Emeritus Professor Alan Mackay-Sim named Australian of the Year.

While many past Australians of the Year have had a high-profile, this year’s winner was working behind the scenes to make a difference.

Here’s a little bit more about this year’s winner, Professor Alan Mackay-Sim.

So who is he?

He has spent his life dedicated to research.

The Queensland resident is an international leader in stem cell research and his work has given hope to thousands of people.

In 2014, that research played a major role in the world’s first successful restoration of mobility in Darek Fidyka.

He had been paralysed from the chest down after a knife attack, but went on to walk again after ground-breaking surgery overseas.

That feat has been described as the scientific equivalent to the moon landing, and would not have been possible without the work done by Professor Mackay-Sim.

What was the research?

Professor Mackay-Sim is a global authority on the human sense of smell and the biology of nasal cells.

He started research in the late 1980s on the olfactory organ responsible for the sense of smell.

He noted that unlike spinal cord cells, olfactory sensory neurons had the capacity to regenerate throughout a lifetime.

While it took some 20 years of research, that led to the world’s first successful human clinical trial in Brisbane.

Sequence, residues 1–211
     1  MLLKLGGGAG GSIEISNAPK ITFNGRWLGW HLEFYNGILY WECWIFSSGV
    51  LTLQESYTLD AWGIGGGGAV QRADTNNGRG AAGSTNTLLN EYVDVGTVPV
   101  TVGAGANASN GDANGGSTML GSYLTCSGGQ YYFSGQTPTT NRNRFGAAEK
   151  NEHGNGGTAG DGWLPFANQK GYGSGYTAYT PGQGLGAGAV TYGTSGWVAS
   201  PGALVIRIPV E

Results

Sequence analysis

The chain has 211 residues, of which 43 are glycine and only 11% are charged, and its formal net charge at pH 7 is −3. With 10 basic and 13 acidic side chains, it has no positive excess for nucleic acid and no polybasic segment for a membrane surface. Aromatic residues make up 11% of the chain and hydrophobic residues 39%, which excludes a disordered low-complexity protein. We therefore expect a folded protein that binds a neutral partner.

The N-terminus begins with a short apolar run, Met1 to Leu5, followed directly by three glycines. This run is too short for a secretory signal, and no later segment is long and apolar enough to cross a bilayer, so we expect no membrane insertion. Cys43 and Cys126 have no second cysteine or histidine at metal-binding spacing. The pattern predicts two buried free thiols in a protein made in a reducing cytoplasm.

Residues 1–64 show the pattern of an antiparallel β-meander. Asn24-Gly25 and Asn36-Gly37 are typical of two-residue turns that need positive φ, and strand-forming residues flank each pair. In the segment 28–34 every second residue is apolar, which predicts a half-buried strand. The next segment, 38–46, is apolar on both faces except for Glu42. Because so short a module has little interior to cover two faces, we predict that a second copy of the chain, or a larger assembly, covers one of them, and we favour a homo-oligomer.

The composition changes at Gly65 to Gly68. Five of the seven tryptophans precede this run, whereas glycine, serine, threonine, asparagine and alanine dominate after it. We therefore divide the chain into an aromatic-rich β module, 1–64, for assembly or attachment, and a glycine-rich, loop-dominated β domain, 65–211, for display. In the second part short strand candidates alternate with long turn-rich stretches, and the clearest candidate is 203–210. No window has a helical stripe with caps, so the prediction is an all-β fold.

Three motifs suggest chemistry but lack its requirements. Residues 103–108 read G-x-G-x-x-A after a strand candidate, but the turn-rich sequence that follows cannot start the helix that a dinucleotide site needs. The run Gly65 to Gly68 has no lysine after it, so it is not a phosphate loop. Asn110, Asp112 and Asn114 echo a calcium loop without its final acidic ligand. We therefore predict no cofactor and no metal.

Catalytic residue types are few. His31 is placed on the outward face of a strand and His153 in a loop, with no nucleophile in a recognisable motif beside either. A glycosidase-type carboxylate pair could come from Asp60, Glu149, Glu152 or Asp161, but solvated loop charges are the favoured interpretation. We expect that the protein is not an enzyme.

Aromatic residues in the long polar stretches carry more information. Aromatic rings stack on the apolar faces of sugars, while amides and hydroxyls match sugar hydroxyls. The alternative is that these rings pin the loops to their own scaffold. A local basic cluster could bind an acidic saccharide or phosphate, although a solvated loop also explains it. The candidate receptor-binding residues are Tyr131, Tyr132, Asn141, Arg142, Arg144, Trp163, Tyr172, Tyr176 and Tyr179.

He and his team proved it was safe to transplant nasal cells to the spinal cord.

What else does his research look at?

Now retired, Professor Mackay-Sim’s, who was also the National Centre for Adult Stem Cell Research’s director, has championed the use of stem cells to understand the biological bases of brain disorders and diseases including schizophrenia and Parkinson’s disease.

His research has already identified differences in nerve cell regeneration in schizophrenia and bipolar disorder that give a better understanding to how those diseases develop.


It hasn’t all been without a bit of hardship

Professor Mackay-Sim recently shared his cancer diagnosis.

A few years ago he was diagnosed with multiple myeloma, a cancer of the blood cells.

The stem-cell researcher even needed his own stem-cell transplant.

Here’s what he said when he won Queensland’s Australian of the Year

“I would hope that it’s going to boost research in the area,” he told the ABC.

“It will give it a lot more public exposure, and I think it will provide people spinal cord injuries a feeling that things are happening.

“And it will be possible to do something about this.”

This post originally appeared on ABC News.

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